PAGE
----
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Original Issue


Carleton Mitchell's coverage of the defense of the America's Cup (In 20 Fatal Minutes, Australia's Try Was Doomed, Sept. 25) should be ranked as a masterpiece of its kind. I am no yachtsman, yet I read the article with intense interest. Through it I got a better view of the races and a better understanding of the merits of the two yachts, their designers, their crews and the strategies they used than if I had been off Newport in one of the observation boats.
New York City

Like many other fair-minded Americans, I am an infracaninophile—a friend of the underdog. I think that it would be good for the sport if someone else won the America's Cup for once. When the Yankee dynasty in baseball ended I think it fair to say that many Americans were relieved; and now we have the fantastic battle for the 1967 pennant in the American League.

Nevertheless, Carleton Mitchell revealed a spirit of sportsmanship in his fine article, which was charitable without condescension and fair-minded without being falsely sympathetic. He gives the devil his due and the Australians credit for their fine and commendable effort.
Norwood, Mass.

On a visit to Montreal and Expo 67 on September 20 I saw a sign displayed in the Australian Pavilion. It said: "Due to circumstances beyond our control, we are unable to display the America's Cup." Congratulations to worthy challengers and good sports.
Oxford, N.Y.

Congratulations are in order for Paul Gallico's excellent article concerning crew (Tale of an Ancient Mariner, Sept. 25). Being an oarsman, I know only too well the excitement and pain described so vividly by Mr. Gallico.

We oarsmen at Marist College practice daily on the old Regatta course, amid the old boathouses and painted cliffs. We are trying to rebuild the tradition and honor that crew once had both in the Hudson Valley and on campus, and we are rapidly gaining prominence in the small-college category.

I'm sure this article was enjoyed by oarsmen everywhere, and more coverage of this sport would surely be appreciated.
Captain, Marist crew
Poughkeepsie. N.Y.

Thank you for giving us oldsters this tale of the past. Having had fraternity brothers who were members of Syracuse University's crews during that time, I could appreciate it.

Collegiate rowing has a lot of merit and it is growing, as shown by the many crews at the Intercollegiates and other regattas. At the same time few persons realize just how much downright hard work crewmen go through. Paul Gallico told about some of it as only a master storyteller can.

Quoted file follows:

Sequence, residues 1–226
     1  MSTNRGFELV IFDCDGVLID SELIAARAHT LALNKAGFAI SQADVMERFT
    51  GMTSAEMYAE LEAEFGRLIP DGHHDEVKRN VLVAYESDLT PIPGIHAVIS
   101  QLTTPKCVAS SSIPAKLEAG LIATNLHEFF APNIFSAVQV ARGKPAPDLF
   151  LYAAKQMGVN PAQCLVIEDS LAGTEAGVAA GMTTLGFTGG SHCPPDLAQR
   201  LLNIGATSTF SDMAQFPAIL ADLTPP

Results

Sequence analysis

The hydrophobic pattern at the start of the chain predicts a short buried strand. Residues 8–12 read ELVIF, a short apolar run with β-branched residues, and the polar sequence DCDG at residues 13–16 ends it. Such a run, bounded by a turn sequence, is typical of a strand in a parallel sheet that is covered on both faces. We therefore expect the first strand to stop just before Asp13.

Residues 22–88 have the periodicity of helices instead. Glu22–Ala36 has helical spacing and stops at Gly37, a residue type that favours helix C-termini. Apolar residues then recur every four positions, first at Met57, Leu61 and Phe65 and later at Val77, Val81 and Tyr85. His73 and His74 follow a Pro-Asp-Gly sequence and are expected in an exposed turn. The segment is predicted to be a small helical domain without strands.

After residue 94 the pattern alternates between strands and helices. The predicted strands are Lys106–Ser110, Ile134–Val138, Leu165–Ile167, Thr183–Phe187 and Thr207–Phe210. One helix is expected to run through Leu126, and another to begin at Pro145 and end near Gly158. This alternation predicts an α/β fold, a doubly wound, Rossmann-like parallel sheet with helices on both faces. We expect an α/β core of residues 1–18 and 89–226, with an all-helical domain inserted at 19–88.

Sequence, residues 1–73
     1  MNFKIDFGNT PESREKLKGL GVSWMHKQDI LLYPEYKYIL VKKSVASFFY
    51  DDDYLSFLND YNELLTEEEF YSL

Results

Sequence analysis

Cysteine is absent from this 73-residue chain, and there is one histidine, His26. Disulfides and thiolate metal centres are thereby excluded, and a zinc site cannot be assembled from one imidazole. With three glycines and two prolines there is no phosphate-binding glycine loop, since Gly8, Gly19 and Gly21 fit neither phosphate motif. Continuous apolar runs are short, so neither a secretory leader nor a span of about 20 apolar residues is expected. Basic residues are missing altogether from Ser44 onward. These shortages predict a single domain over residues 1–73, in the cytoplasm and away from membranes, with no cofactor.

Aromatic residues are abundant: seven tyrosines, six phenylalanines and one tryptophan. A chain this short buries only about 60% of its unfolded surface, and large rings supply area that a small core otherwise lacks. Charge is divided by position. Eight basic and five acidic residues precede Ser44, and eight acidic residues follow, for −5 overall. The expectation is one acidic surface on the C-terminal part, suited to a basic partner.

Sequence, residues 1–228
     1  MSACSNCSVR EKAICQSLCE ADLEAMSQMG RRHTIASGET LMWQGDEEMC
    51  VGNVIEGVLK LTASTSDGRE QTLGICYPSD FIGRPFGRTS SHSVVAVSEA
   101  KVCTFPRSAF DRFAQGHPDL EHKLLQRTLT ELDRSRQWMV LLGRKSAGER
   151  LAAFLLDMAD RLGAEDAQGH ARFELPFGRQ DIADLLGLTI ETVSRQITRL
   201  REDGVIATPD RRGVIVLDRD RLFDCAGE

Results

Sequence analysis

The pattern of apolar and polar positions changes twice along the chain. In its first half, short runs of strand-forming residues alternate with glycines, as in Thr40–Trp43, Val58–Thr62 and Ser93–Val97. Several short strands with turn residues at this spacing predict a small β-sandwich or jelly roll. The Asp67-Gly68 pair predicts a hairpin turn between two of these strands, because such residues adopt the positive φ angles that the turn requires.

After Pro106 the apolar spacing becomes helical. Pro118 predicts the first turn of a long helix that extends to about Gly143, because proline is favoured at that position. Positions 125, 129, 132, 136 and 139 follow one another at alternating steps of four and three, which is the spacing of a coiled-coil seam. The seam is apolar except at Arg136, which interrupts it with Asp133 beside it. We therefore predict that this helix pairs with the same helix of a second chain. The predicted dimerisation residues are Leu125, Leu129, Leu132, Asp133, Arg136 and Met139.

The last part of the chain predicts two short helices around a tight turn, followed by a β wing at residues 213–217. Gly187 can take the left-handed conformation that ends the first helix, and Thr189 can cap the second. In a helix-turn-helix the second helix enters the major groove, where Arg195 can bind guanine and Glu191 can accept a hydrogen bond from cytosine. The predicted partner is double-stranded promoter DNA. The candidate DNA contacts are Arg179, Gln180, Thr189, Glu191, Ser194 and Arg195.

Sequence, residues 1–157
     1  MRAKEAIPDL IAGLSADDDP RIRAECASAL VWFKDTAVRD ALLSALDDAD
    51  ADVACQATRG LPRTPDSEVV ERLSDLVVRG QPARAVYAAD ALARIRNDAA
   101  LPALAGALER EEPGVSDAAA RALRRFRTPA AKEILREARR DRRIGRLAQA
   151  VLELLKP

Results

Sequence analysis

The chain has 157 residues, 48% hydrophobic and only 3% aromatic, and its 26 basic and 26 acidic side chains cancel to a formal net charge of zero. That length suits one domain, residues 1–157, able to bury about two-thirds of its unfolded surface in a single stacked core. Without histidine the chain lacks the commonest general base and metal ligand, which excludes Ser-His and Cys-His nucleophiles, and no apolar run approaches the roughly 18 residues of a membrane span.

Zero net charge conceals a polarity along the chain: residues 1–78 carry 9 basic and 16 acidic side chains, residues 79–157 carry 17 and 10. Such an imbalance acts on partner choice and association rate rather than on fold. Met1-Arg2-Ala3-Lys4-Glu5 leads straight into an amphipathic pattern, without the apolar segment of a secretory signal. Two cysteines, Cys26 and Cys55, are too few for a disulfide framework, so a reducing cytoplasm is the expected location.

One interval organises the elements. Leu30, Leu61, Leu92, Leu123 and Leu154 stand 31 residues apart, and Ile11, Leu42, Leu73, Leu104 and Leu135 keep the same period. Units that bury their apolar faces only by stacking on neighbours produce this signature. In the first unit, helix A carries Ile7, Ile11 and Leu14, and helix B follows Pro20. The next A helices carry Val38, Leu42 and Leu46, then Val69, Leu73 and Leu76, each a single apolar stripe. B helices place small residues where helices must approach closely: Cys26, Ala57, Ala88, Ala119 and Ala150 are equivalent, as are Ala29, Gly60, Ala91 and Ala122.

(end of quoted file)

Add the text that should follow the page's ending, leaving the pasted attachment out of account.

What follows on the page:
Your September 25 SCORECARD article on the white-winged dove ("La Paloma, Prestige Bird") warrants some correction. You state that there is but one place in the U.S.—viz. Texas—where the white-winged dove may be hunted and that the season there is open for little more than 24 hours, from 1 p.m. to sundown on each of two Saturdays and Sundays.

Arizona, not Texas, is the white-winged dove capital of the U.S. Based on 1966 banding returns, our whitewing population is over nine million birds as contrasted to the 750,000 birds you mentioned in Texas. The season in Arizona lasts for a full 24 days, September 1 through 24, from one-half hour before sunrise until sunset. The bag limit on whitewings is 25 birds per day plus 12 mourning doves.

Furthermore, much of the nesting habitat and shooting is on public, rather than private, land, so there are millions of acres of open land available to hunters, who come from all over the U.S. each year. Just recently the U.S. Bureau of Land Management, which administers these public lands, classified a 100-mile strip of land along the Lower Gila River—approximately 65,000 acres—for retention in public ownership to protect what is considered to be the most productive whitewing nesting habitat in the country.
State Director, U.S. Bureau of Land Management
Phoenix, Ariz.